These attacks on Cruz began to take their toll and Cruz would angrily call Trump names in front of television cameras, and attacked his veracity and character in harsh terms. All GOP candidates who wound up getting in the mud with Trump would come to regret it though. In particular, Cruz seemed to swing and miss by attacking Trump for having "New York values." That allowed Trump to claim the mantle of 9/11 in some sense and others who might be opposed to Trump found there were perhaps some sinister dog whistles in the comment.  While Cruz won several state contests and the second highest number of delegates, he and others in the field could never coordinate effectively to stop Trump from receiving the Presidential nomination.

At the GOP National Convention in Cleveland, there was much speculation about if Cruz would be allowed to speak and what he might say. In his prime-time speech, he eloquently defended conservatism and seemed to be positioning himself as a leader in the party moving forward. He told delegates to "vote their conscience" in regards to the Presidential election, neither explicitly endorsing nor rejecting the man he had previously called a "sniveling coward." The Trump delegates (and even many of Cruz's) went ballistic at this final portion of the speech, loudly insisting that Cruz endorse Trump in the name of party unity. (Many party luminaries were skipping the convention all together.) Cruz was practically booed off stage that night and that hope that GOP establishment types had of maybe primarying the Senator's reelection campaign now had his former Tea Party allies joining in the charge of wanting to vote out Cruz.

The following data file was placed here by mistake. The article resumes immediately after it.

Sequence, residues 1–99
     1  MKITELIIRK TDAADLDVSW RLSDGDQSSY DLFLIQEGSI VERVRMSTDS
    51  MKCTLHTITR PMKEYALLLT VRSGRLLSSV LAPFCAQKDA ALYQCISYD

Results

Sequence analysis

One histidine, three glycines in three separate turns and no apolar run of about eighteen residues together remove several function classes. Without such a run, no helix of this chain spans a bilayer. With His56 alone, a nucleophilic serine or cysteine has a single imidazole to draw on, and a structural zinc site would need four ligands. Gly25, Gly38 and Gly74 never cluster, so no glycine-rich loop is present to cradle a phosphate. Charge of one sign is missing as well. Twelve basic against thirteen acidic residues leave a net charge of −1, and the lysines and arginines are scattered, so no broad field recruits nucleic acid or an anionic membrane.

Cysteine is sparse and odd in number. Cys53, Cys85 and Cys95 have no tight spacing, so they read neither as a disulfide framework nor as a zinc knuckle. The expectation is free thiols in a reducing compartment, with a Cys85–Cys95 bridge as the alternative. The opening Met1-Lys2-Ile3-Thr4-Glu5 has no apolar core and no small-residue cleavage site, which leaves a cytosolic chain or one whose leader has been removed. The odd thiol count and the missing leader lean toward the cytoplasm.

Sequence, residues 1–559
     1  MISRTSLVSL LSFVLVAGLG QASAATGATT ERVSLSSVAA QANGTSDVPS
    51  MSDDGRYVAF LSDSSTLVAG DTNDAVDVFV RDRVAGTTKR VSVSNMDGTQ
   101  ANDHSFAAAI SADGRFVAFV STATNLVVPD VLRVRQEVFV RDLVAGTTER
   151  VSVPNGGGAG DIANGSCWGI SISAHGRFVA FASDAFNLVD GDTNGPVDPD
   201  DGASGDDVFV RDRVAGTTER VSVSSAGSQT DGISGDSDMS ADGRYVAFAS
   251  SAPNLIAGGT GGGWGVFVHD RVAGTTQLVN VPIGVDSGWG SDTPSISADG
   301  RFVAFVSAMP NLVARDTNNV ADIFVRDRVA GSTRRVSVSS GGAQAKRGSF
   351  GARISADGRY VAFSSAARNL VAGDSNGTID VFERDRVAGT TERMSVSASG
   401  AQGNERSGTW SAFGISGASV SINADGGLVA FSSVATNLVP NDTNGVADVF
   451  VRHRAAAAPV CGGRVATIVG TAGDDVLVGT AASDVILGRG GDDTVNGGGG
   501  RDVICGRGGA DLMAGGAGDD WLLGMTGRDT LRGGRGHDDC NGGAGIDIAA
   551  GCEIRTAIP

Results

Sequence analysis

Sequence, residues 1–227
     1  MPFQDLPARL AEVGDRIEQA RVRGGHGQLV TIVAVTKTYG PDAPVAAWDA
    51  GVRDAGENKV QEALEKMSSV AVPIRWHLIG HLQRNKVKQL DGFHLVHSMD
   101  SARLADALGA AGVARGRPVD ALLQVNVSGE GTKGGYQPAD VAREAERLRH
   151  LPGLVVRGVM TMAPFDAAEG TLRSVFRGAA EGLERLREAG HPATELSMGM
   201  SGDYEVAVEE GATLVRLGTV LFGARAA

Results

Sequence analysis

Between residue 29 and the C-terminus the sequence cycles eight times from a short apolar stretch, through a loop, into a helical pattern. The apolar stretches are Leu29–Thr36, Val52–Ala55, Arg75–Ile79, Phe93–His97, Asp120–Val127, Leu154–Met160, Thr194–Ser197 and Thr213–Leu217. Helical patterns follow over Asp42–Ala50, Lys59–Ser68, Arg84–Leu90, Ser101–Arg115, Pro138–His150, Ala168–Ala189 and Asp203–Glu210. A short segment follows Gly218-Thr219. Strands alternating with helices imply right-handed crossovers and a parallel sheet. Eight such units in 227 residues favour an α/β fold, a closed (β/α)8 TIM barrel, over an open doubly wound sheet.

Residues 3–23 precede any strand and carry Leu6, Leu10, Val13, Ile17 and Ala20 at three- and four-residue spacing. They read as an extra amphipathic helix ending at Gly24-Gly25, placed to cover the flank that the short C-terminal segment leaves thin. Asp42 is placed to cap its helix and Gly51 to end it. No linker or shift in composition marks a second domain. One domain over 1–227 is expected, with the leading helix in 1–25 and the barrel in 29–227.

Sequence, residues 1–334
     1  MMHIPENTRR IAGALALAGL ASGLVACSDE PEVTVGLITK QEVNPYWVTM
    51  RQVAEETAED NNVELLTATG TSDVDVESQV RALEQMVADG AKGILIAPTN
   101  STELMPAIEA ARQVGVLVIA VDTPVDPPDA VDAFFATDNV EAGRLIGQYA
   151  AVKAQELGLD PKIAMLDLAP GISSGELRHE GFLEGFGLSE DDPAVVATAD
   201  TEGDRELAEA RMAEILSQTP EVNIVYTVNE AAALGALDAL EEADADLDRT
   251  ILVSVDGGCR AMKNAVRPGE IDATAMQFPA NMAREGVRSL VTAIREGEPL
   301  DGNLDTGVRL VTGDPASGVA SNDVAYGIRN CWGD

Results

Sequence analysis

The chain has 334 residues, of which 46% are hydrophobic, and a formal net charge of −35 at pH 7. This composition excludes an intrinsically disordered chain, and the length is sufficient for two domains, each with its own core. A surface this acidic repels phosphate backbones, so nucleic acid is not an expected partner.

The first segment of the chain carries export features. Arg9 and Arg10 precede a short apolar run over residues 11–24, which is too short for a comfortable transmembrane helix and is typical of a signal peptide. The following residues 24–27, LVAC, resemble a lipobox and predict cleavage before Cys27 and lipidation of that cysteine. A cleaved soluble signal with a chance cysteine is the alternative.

The next day, Trump tried to shrug off the Cruz incident, repeated the "his dad might have been involved in killing JFK" innuendo and predicted that in the near future, Cruz would decide he had to offer his endorsement, and that he, Trump, would refuse it. As it turned out, Trump was mostly right, as with the pressure on, Cruz did endorse Trump, (who seemingly accepted it.) The Senator who explained that he was not willing to be a "servile little puppy dog" found a way to submit to Trump. Since Trump has been President, Cruz has turned into one of his strongest allies and defenders in Washington. The occupant of the Oval Office strongly supports his former rival for reelection and promises to come to Texas to campaign for him on a grand scale.

Of course, making nice with Trump virtually ended any primary threat to Cruz for 2016. He captured 85 percent in the March primary against several little known candidates who tended to criticize him for being too close to Trump. That same day, Congressman Beto O'Rourke won the Democrats' nomination with a relatively unimpressive 62 percent, considering the party support he had. Taking 24 percent was businesswoman and baseball coach Sema Hernandez, about whom little was known, except that she actually had a Latino name, in a state where so many Democrat primary voters are of that ethnic background. An even more unknown dude named Edward Kimbrough took 14 percent of the primary vote.

O'Rourke first attracted national attention in 2012 when the then City Councilman unseated a veteran Hispanic Congressman in the party primary in the heavily Hispanic district based in El Paso. O'Rourke offered a generational and ideological contrast, expressing his strong support for LGBT rights and also things such as steps towards drug legalization. It would be interesting to know how many voters thought that the candidate named Beto might have been Hispanic himself.

Both Cruz and O'Rourke came to Capitol Hill at the same time and as the Republican set his sights on the White House, the Democrat looked towards a statewide run for Senate and attempted to take steps to define himself as a more centrist Democrat. As it became clear that his race would be against Cruz however, O'Rourke has once again embraced the progressive label, and that has helped him raise considerable amounts of money from places like New York and California.